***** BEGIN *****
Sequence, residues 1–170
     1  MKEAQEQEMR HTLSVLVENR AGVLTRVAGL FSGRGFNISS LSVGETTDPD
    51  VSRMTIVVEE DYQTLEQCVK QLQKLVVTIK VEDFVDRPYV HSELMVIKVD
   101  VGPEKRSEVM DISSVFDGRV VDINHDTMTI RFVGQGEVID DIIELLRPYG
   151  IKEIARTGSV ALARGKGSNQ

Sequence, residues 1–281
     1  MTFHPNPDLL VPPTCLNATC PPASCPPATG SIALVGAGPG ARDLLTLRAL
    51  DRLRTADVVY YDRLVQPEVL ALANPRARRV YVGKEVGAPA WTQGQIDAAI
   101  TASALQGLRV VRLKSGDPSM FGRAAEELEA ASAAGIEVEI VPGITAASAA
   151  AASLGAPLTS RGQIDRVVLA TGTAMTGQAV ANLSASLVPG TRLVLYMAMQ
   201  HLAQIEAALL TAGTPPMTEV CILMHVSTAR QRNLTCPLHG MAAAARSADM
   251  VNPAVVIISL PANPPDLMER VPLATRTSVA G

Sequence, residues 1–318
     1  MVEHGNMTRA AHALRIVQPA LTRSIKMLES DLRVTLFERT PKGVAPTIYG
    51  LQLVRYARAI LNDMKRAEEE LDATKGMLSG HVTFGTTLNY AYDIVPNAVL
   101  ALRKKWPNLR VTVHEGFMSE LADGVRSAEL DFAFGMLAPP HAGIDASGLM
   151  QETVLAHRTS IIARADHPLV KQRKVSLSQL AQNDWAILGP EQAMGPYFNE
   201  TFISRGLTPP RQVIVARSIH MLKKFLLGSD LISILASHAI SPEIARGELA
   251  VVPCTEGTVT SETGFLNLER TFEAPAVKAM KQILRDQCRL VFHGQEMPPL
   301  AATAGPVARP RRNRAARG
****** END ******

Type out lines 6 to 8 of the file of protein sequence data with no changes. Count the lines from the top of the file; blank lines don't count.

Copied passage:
Sequence, residues 1–281
     1  MTFHPNPDLL VPPTCLNATC PPASCPPATG SIALVGAGPG ARDLLTLRAL
    51  DRLRTADVVY YDRLVQPEVL ALANPRARRV YVGKEVGAPA WTQGQIDAAI